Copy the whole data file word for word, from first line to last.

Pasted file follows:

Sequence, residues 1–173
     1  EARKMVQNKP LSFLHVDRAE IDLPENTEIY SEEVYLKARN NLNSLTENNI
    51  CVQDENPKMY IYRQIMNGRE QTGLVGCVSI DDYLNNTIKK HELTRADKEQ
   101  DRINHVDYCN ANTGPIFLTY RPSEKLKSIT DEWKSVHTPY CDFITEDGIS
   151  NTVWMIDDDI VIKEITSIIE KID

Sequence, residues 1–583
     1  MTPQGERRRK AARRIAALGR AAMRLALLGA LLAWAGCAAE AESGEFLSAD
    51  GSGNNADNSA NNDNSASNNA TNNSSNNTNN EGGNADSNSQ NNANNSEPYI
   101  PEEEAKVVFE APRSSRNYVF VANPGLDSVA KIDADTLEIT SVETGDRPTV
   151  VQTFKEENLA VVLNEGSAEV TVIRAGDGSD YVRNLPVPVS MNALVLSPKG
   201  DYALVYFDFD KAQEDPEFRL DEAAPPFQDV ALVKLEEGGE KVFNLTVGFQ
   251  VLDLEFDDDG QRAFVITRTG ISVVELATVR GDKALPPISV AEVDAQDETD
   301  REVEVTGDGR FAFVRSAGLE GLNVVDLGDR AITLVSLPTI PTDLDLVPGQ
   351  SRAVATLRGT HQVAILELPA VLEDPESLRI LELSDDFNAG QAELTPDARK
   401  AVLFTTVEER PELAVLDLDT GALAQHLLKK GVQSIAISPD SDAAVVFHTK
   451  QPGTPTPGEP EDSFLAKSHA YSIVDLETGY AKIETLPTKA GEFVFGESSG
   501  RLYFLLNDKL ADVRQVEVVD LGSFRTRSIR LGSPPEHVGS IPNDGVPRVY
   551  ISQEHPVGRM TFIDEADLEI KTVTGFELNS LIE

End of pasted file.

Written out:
Sequence, residues 1–173
     1  EARKMVQNKP LSFLHVDRAE IDLPENTEIY SEEVYLKARN NLNSLTENNI
    51  CVQDENPKMY IYRQIMNGRE QTGLVGCVSI DDYLNNTIKK HELTRADKEQ
   101  DRINHVDYCN ANTGPIFLTY RPSEKLKSIT DEWKSVHTPY CDFITEDGIS
   151  NTVWMIDDDI VIKEITSIIE KID

Sequence, residues 1–583
     1  MTPQGERRRK AARRIAALGR AAMRLALLGA LLAWAGCAAE AESGEFLSAD
    51  GSGNNADNSA NNDNSASNNA TNNSSNNTNN EGGNADSNSQ NNANNSEPYI
   101  PEEEAKVVFE APRSSRNYVF VANPGLDSVA KIDADTLEIT SVETGDRPTV
   151  VQTFKEENLA VVLNEGSAEV TVIRAGDGSD YVRNLPVPVS MNALVLSPKG
   201  DYALVYFDFD KAQEDPEFRL DEAAPPFQDV ALVKLEEGGE KVFNLTVGFQ
   251  VLDLEFDDDG QRAFVITRTG ISVVELATVR GDKALPPISV AEVDAQDETD
   301  REVEVTGDGR FAFVRSAGLE GLNVVDLGDR AITLVSLPTI PTDLDLVPGQ
   351  SRAVATLRGT HQVAILELPA VLEDPESLRI LELSDDFNAG QAELTPDARK
   401  AVLFTTVEER PELAVLDLDT GALAQHLLKK GVQSIAISPD SDAAVVFHTK
   451  QPGTPTPGEP EDSFLAKSHA YSIVDLETGY AKIETLPTKA GEFVFGESSG
   501  RLYFLLNDKL ADVRQVEVVD LGSFRTRSIR LGSPPEHVGS IPNDGVPRVY
   551  ISQEHPVGRM TFIDEADLEI KTVTGFELNS LIE